Continuing our series on Planning to Reach Our Economic Potential, this week we're looking at how we can leverage our Urban Service Area Capacity Study to maximize our infrastructure investments. An investment is something you put money into with the expectation of gain. Infrastructure is an investment in our community not only for today, but also for our future.
Why do we do have an Urban Service Area ?
There are more than 1,000 square miles in Hillsborough County. That's larger than the state of Rhode Island, and a lot of area for our local governments to serve. In 1993, the Hillsborough County Board of County Commissioners adopted the recommendation of the Planning Commission to put in place an Urban Service Area (USA) policy as part of their Comprehensive Plan. Within the USA, there's a greater concentration of population and employment centers. Growth is focused in areas in which the county has already made or planned for sufficient infrastructure investments for services like roads, public transit, water, sanitary sewer, storm drainage, schools, libraries, and public safety, etc. As we approach the USA boundary, there's a transition into the suburbs. Outside the boundary lies our agricultural areas and a more rural lifestyle.
What's the Urban Service Area policy accomplishing?
The Urban Service Area is more than just a boundary on a map, it's a growth management strategy to efficiently encourage growth over the next 20 years... a strategy that maximizes your public tax dollars by concentrating investments where additional services are most needed. The overall goal is to offer and support desirable urban, suburban and rural lifestyle choices and enhance the quality of life for Hillsborough County residents even as more people come to live and work here.
Is there still room to grow within the Urban Service Area?
In a nutshell... Yes.Florida Statutes
require local governments to base comprehensive plans (at the least) on the minimal amount of land required to accommodate the medium projections of the University of Florida Bureau of Economic and Business Research for at least a ten year planning period. In addition to meeting the statutory requirement regarding capacity, our Urban Service Area Capacity Study analyzed the suitability of vacant and agricultural lands, undeveloped entitlements, land use, and redevelopment potential within the USA (county) and the cities of Tampa, Plant City and Temple Terrace.
Here are the results:
At 345,616 additional persons, there is sufficient capacity within the Urban Service Area and the cities to accommodate the 282,262 additional people who are expected to live here by the year 2025. Capacity to handle the 416,624 additional jobs projected within the USA and the cities can be accommodated well beyond the year 2035.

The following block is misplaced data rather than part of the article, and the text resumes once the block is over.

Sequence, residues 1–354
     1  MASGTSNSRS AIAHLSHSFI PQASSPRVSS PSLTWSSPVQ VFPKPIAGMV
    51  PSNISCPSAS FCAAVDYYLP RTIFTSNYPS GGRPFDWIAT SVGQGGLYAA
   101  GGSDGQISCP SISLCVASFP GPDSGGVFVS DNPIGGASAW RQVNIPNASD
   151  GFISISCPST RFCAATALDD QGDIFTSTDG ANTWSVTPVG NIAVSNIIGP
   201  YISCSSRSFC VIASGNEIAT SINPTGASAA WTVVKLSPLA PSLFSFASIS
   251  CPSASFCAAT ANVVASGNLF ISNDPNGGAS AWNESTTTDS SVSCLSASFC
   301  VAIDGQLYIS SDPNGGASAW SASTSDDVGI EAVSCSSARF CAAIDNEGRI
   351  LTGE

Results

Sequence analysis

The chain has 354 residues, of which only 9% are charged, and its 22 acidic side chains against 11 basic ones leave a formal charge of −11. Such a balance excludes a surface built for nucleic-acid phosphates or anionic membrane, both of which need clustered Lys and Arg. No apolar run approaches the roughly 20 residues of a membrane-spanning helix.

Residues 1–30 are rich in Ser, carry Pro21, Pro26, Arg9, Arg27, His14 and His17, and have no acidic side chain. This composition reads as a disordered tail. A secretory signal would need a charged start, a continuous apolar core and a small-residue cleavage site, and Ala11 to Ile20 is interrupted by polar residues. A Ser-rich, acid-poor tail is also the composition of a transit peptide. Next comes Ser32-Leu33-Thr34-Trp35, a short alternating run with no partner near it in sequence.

How do we use this information to
build our net worth as a community?
Much like many families facing a sudden drop in income being concerned about paying bills and meeting day-to-day expenses in the short run, local governments around the country are scrambling in a similar fashion. Rather, these families and local governments should be looking at their total financial package to determine which assets they might use to meet immediate obligations and beyond. Is Hillsborough County currently making the best use of its assets? What does the current portfolio look like for Hillsborough County and the cities?
- Valuable land assets are greatly underutilized. Comprehensive Plan Future Land Use categories establish maximum Floor Area Ratios or the maximum allowable building square footage compared to the parcel square footage.
- Much of the current development is well below maximum approved Floor Area Ratios. For example, the Urban Mixed Use-20 Future Land Use category in Unincorporated Hillsborough County has a maximum floor area ratio of 1.0 and is currently developing at an average floor area ratio of .14.
- Numerous Developments of Regional Impact and other major projects have not been built out to their approved plans. This is estimated at more than 93,000 residences and 97,100,000 square feet of non-residential use property.
- More than 62,000 homes are vacant; and 25,466 foreclosure filings occurred countywide between 2006 and 2011.
In all, more than 23,000 acres of developed land within the Urban Service Area and cities were found to have redevelopment potential. Of that figure, 5,900 acres have a structure to land ratio between 0% and 50%. Is all of this underutilized land shovel-ready? What challenges are in the way? Once we get over these hurdles, our net worth and appeal as a place to potentially do business will grow exponentially. As we plan to reach our economic potential, we must make full use of our infrastructure investments and land assets to reach our redevelopment potential. By doing so, we can focus on our values and quality of life to leverage our net worth as a community into a brighter future for all of Hillsborough County.